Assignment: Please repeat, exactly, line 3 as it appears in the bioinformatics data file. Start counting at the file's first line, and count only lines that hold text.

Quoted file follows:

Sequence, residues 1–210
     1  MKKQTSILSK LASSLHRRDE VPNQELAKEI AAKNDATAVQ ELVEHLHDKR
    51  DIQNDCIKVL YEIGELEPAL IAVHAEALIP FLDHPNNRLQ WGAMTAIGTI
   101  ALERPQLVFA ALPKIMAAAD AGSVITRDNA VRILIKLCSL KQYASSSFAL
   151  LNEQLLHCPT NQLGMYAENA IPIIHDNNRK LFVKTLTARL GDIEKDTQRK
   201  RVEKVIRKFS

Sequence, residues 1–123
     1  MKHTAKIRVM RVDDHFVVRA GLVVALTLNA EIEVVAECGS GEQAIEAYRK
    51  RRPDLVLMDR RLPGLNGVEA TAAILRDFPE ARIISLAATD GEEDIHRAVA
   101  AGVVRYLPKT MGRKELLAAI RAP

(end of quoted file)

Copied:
    51  DIQNDCIKVL YEIGELEPAL IAVHAEALIP FLDHPNNRLQ WGAMTAIGTI